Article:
Ridesharing electric vehicles vs 'flying cars'
LETTER | Shared connected autonomous electric vehicles are at the heart of future mobility technology, and Malaysia has the opportunity to lead the region today in this sunrise industry rather then plunge our limited resources into so-called 'flying cars', which are are a far cry away from being a viable mass transport system – if indeed they ever will be.
Flying cars are for those with unlimited deep pockets, like megabillionaires Elon Musk, Jeff Bezos, Mark Zuckerberg, or aerospace and tech giants Boeing, Apple, Google.
At most our flamboyant billionaires produce a few Hollywood films and buy luxury homes in Mayfair, Manhattan and Beverly Hills (and a missing 22-carat pink diamond).
There are two fundamental problems with flying cars.
One is technical, related to the energy density of the batteries, which is why drones cannot fly more than 20 or 30 minutes (without any human on them).
The other is regulatory, solving the circuitry for tunnels in the air so that they can be handled autonomously between each point of origin and destination.
The challenge of air transport systems is that they are very inefficient, because they move very few people with huge energy expenditure.
Their main utility, similar to helicopters, will be for emergencies or for senior executives, rather than for transporting the general public.
The best solution developed so far is Google’s vertical takeoff prototype concept which works more like a plane than a drone.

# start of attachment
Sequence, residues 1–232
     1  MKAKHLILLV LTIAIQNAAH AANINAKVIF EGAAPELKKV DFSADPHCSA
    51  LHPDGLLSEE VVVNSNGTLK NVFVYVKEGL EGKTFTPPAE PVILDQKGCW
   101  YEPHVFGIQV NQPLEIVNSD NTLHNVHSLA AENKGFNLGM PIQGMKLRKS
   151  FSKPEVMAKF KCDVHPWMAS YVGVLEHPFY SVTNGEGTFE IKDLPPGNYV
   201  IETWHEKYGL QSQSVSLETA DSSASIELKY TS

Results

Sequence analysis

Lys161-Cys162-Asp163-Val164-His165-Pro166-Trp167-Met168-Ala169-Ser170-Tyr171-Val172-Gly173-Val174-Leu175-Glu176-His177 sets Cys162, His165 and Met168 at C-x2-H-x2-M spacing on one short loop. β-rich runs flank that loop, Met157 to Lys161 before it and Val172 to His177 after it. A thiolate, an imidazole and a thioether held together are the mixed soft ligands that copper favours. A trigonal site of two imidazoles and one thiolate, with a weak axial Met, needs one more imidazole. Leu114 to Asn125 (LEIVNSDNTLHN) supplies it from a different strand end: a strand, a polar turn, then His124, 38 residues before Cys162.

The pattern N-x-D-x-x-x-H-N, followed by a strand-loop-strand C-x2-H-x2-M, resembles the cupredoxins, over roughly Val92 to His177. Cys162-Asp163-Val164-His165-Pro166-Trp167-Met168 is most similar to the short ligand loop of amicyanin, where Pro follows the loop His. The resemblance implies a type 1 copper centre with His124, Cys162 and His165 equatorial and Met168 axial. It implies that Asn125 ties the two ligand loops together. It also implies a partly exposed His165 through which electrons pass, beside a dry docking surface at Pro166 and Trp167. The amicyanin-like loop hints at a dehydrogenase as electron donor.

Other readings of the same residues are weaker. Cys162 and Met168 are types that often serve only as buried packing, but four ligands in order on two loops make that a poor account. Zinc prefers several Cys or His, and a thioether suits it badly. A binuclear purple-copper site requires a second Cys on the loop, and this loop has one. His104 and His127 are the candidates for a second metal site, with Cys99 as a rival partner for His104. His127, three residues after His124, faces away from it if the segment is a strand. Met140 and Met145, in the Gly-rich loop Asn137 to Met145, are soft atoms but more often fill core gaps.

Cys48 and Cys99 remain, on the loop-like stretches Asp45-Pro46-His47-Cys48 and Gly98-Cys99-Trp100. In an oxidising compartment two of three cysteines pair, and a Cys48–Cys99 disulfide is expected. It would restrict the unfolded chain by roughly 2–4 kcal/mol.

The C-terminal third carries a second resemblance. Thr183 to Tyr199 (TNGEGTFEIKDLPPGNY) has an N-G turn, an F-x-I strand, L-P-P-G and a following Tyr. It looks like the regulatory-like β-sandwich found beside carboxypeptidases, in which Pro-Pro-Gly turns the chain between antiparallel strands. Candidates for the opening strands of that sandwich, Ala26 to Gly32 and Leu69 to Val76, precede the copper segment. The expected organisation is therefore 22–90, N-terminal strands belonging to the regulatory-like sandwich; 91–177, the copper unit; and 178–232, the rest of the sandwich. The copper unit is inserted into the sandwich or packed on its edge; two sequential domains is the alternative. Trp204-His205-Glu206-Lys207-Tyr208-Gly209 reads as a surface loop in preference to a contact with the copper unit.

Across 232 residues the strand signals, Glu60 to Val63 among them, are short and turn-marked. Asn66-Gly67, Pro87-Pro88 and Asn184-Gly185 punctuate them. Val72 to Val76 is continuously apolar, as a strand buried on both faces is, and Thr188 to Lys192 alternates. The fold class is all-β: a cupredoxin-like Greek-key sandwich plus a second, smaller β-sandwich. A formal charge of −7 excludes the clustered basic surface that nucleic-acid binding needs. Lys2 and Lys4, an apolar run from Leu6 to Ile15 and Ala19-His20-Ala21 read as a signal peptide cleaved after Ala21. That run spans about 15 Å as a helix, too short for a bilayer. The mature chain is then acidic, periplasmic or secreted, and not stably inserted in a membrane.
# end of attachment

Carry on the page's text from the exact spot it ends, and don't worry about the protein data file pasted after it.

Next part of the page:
While there are many projects in the 'flying car' space backed by global behemoths like Airbus or Boeing, there’s no clear path to mass deployment.
What is clear is that the expenditure of huge amounts of energy needed to move drones in urban environments, their poor capacity to move many people, and the difficult routing system for massive quantities of vehicles makes these type of solutions untenable when thinking about solving urban traffic and mass transportation issues.
On the other hand, autonomous ridesharing electric vehicles are ready for near-term deployment, and will soon make redundant nine of every 10 vehicles, serving city areas with shared and autonomous vehicles in an integrated transportation system.
The race for shared, electric, connected and autonomous vehicle systems is one Malaysia can win and lead the way in the region if we move decisively to join the select group of countries developing and implementing state-of-the-art battery and mobility tech.
In this crucial time, we should not get distracted with far-fetched ideas which are literally and figuratively pies in the sky.
RAIS HUSSIN is a supreme council member of Bersatu. He also heads its policy and strategy bureau.
The views expressed here are those of the author/contributor and do not necessarily represent the views of Malaysiakini.